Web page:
Greetings. What a night. What a morning for UW fans whom I'm sure slept in their purple-colored garb and restarted dreams of going to a bowl game (Las Vegas, San Francisco, San Diego all preferred place ... so fancy those sites specifically).
A very uneven UW performance - VERY GOOD at the start, a struggle in the middle but when the Huskies needed to turn on the jets in overtime, the fuel was there:
* Jake Locker, a career-high five touchdown passes.* Jermaine Kearse, a school-record four TD receptions (and now has nine for the season, which is a career best).* Chris Polk, another 100-yard game. More important, he had 27 touches, including 25 carries.
And yet, to a man, when all the offensive stars, as well as UW coach Steve Sarkisian, were pressed to talk about the game - the defining moments - they all spoke glowingly of the defense.
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Which, in my estimation, was the real star of the show.
"The effort they gave, and the opportunity they gave us to go out and win that game was awesome," Locker said. "It was fitting that they were the ones on the field when the game ended."
Let's divide this up into two parts:
THE FINAL PLAY: Oregon State's two-point conversion
Honestly, one of the aspects I think Beavers coach Mike Riley took into consideration when he signaled for timeout after Jacquizz Rodgers' 2-yard touchdown scamper in the second overtime was how difficult it was becoming for Oregon State's offense to keep going.
Rodgers had 32 carries, was the only running back the Beavers utilized the entire game and likely was wearing down. Quarterback Ryan Katz saw lots of pressure, and took a few big hits, in the final quarter and extra sessions.
So, Riley went for the win. Bold. Didn't work out.
Oregon State came out for the play spreading the UW's defense out. Katz was in shotgun.
The Huskies countered by playing what linebacker Mason Foster dubbed an "over zone" - which I think was sort of a zone shell.
"Nick (Holt) assured me what they were in, and what we were in was a good matchup," Sarkisian said.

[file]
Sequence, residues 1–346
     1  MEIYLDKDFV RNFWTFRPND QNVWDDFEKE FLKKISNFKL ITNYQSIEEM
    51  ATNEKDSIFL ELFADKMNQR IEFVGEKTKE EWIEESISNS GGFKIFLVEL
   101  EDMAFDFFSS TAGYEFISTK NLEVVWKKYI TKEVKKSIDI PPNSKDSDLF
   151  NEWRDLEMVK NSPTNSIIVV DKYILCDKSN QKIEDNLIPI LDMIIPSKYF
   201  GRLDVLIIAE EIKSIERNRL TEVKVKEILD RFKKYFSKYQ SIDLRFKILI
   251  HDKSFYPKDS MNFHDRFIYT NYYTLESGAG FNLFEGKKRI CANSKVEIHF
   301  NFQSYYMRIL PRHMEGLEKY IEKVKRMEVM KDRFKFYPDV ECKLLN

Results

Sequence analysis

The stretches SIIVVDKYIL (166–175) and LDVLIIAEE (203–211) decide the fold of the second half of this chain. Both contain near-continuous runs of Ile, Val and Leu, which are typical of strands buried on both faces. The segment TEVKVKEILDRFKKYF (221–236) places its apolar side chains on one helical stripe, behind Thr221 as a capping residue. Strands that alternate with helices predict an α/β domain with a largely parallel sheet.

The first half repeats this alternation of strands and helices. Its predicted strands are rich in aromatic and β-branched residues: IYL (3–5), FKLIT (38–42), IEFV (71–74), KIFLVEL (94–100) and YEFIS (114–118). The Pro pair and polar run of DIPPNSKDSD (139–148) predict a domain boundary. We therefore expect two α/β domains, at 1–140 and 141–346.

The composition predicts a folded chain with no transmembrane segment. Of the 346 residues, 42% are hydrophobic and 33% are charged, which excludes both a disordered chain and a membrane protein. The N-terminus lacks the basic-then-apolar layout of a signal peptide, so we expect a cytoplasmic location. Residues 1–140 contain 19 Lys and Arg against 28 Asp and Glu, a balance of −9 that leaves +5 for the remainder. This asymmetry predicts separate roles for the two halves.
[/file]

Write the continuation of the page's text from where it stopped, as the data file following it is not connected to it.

Katz sat back there, surveyed the field and fired a low bullet to tight end Joe Halahuni on a go-route along the right seam - right in front of linebacker Cort Dennison. Halahuni had the ball, but once he hit the ground, it squirted out for an incompletion.
"I kind of had a feeling they were going to run the route, and Cort made a great play. That was probably one of the weak spots of our defense on that call, but it was people making plays," Foster said.
"They hadn’t really thrown to him (Halahuni) all day, but he’s a great athlete. You know they were going to go him in clutch times."
Dennison said afterward it was his responsibility to play the middle part of the field. At first, he admitted he thought Katz might run for the end zone, and played it initially as such. When he realized Katz was looking at Halahuni, he reacted toward the passing lane.
"I thought I did (knock the ball out)," Dennison said, keeping a straight face.
"I don’t know. All that matters is we won. I really don't care if I got my hand on the ball," the junior said. "(Halahuni) dropped it."
REGULATION: Some ups-and-downs
For the second consecutive week, the UW held on Oregon State's first drive. Desmond Trufant got a first-quarter interception, which ended up being the first of three picks of Katz (other two were by safeties Nate Fellner and Sean Parker).
Disconcerning was what happened on Oregon State's drive afer the UW took a 21-0 lead early in the second quarter.
The Beavers started feeding Rodgers the ball more often. And when they got into UW territory, Rodgers have three consecutive carries:
* First one went for 15 yards. Fellner missed a tackle near the line of scrimmage.* Second one went for 13 yards. Cameron Elisara as nearby, and couldn't make the tackle.* Third one went for 6 yards. Again, Fellner whiffed.
The biggest concern all season has been tackling. At that point, old habits resurfaced.
"We were playing hard, initially. Then for whatever reason, assignment-wise we broke down a little bit – our gap integrity broke down in the run game, and they started getting some runs on us by us just falling out of our assignment," Sarkisian said.
Fast-forward to the final quarter.
The UW offense was floundering a bit. Sarkisian again went for it on fourth down, and missed. All the Beavers needed was one big play to get in scoring position to win the game.
They only got one first down.
Oregon State had four offensive series in that quarter, with its worst starting field position at the UW 28. The Huskies held the Beavers to 31 yards in the quarter.
"Credit to our defensive staff, they got our guys locked back into their assignments in the run game, and our run fits," Sarkisian said. "Once we got back into their mode, our pass rushing got going, and our coverage was tighter. We made it a little bit hard on them."
For the game, the UW defense held Oregon State to 353 total yards. The UW forced three turnovers. The UW had three sacks of Katz.
Which leads me to an overview point - why was the Huskies defense so heavily-criticized through the first five games?
Everybody knows, they're not a shutdown unit. They never were. This team is built by offensive firepower, and the BIGGEST reason the UW entered the game Saturday at 2-3 was because its offense hadn't held up its end - not the other side of the ball.
And for those critics who declared the UW defense as being incapable of the super-human effort of bailing out the offense and leading the Huskies to a victory - well, that was certainly on display in the critical moments Saturday.
Because, in the end, Foster, Dennison and company made the biggest play.